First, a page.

Thursday, August 25, 2005

Walter Reed Medical Center to Be Closed

Yahoo! News
Walter Reed Medical Center to Be Closed

By LIZ SIDOTI, Associated Press Writer

A federal commission voted to close Walter Reed Army Medical Center — the crown jewel of U.S. military hospitals — as it began its second day of decision-making on the Pentagon's sweeping proposal to restructure bases across the country.

Located in the nation's capital, the century-old hospital has treated presidents and foreign leaders as well as veterans and soldiers, including those returning from the Iraq war.

Most of its work would be relocated to a more modern, expanded hospital in Bethesda, Md., to be renamed Walter Reed in a nod to the old facility's heritage.

The nine-member panel was deciding the fate of a host of big-ticket items Thursday. Later in the day it was to begin debating the Air Force's plans, arguably the most contentious of the group, as it steamrolled through hundreds of Pentagon proposals at a brisk pace after four months of study and preparation.

Among decisions earlier Thursday, the commission voted to close the Brooks City-Base in Texas, which is home to the School of Aerospace Medicine. Tang, the orange drink created for astronauts, was developed at the base in the 1960s. The medical school will relocate to Wright Patterson Air Force Base in Ohio.

Endorsing the Pentagon's vision of streamlining support services across the armed forces, the commission also signed off on recommendations to merge several education, medical and training programs. The Defense Department calls this "jointness" — the services combining their strengths, rather than working separately, to save money and promote efficiency.

Under the Walter Reed plan, most of the staff and services would move from the old hospital's main post to the National Naval Medical Center in Bethesda, to create the expanded facility. The remaining personnel and operations would move to a community hospital at Fort Belvoir in Virginia.

Walter Reed's care is considered first-rate but the facility is showing its age, the commission found.

"Kids coming back from Iraq and Afghanistan, all of them in harm's way, deserve to come back to 21st century medical care," Commission Chairman Anthony Principi said Thursday, adding that the hospital is old. "It needs to be modernized."

One-time costs, including construction and renovations, would total $989 million. The Pentagon would save $301 million over 20 years, the commission said. The current hospital has about 185 beds, but the expanded facility would have 340.

Principi said he expected to finish all voting no later than Friday, a day earlier than planned. The commission must send its final report to President Bush by Sept. 8.

The president can accept it, reject it, or send it back to the commission for revisions. Congress also will have a chance to veto the plan in its entirety but it has not taken that step in four previous rounds of base closings. If ultimately approved, the changes would occur over the next six years.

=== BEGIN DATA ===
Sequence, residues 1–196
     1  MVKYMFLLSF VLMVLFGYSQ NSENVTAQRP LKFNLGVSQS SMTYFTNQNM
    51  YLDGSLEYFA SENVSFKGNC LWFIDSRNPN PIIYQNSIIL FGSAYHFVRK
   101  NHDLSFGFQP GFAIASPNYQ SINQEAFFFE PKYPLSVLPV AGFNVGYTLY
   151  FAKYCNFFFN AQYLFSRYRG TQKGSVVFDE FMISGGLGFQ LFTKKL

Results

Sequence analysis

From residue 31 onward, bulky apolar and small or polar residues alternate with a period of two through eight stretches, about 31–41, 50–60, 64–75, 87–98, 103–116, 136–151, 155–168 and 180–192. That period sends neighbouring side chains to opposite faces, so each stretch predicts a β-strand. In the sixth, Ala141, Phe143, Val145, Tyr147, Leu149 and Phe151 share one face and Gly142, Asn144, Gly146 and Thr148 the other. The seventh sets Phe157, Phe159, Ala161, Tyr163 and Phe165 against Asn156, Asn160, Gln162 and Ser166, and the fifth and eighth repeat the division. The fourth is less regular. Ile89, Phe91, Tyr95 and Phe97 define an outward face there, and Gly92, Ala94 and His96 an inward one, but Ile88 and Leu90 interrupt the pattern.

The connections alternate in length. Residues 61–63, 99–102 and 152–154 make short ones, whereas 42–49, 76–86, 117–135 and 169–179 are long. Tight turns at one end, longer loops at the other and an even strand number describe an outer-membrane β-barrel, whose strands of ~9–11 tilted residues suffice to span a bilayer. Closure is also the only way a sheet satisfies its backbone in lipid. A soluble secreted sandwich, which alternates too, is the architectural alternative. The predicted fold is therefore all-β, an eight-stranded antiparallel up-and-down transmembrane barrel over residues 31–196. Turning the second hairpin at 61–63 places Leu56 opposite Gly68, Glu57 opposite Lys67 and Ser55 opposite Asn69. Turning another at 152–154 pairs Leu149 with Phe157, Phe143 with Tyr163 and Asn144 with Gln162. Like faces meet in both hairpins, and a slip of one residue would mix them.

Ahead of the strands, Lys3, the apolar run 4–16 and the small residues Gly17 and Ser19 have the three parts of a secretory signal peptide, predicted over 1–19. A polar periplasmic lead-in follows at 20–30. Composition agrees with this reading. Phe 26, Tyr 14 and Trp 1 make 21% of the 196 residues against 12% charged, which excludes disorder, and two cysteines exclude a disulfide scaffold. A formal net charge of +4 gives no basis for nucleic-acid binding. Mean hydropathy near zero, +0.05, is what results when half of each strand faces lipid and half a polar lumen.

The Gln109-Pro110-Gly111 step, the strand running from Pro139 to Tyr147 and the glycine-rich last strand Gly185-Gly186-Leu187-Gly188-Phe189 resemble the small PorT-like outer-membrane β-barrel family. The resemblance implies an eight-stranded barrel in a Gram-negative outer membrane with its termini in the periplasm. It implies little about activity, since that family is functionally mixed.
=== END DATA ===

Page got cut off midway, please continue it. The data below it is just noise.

On Wednesday, the panel breezed through proposals to shutter hundreds of small and large facilities in all corners of the country, moving ahead of its schedule.

After finishing the joint-service proposals, the commission was moving next to the Air Force plan, much of which includes recommendations to shake up the Air National Guard, a highly controversial effort. The Air Force also proposes closing both Ellsworth Air Force Base in South Dakota and Cannon Air Force Base in New Mexico.

"We're doing some very large muscle movements," Gen. Gary Heckman, a top Air Force official who helped lead the service's base-closing analysis team, said in an interview.

He said his service branch wasn't hit in previous rounds of closures as hard as the Army and Navy because overhauling the Air Force's structure — which is what has been proposed this time around — is very difficult.

Ellsworth's proposed closing has caused the most political consternation because Sen. John Thune, a freshman senator, had argued during the 2004 campaign that he — rather his Democratic opponent, then-Senate Minority Leader Tom Daschle — would be in a better position to save the facility. Nonetheless, it showed up on the Pentagon's closure list.

Closing Cannon would cost Clovis, N.M., a small town on the Texas-New Mexico line, nearly 3,000 jobs.

Overall, the Pentagon has proposed closing or consolidating a record 62 major military bases and 775 smaller installations to save $48.8 billion over 20 years, streamline the services and reposition the armed forces.

Since the Pentagon announced its proposal in May, commissioners had voiced concerns about several parts of it, including the estimate of how much money would be saved.

By far, the most controversy — both on the commission and off — has surrounded the Air Force.

Most of its proposals cover the Air National Guard and would shift people, equipment and aircraft around at 54 or more sites where Guard units are stationed.

Aircraft would be taken away from 25 Air National Guard units. Instead of flying missions, those units would get other missions such as expeditionary combat support roles. They also would retain their state missions of aiding governors during civil disturbances and natural disasters.

Several states have sued to stop the shake-up, the commission itself has voiced concern that the plan would compromise homeland security, and the Justice Department was brought in to settle arguments over whether the Pentagon could relocate Air National Guard units without a governor's consent. The ruling said it could.

The Pentagon says the Air Force proposals are designed to make the service more effective by consolidating both weapons systems and personnel, given that it will have a smaller but smarter aircraft fleet in the future.


On the Net:

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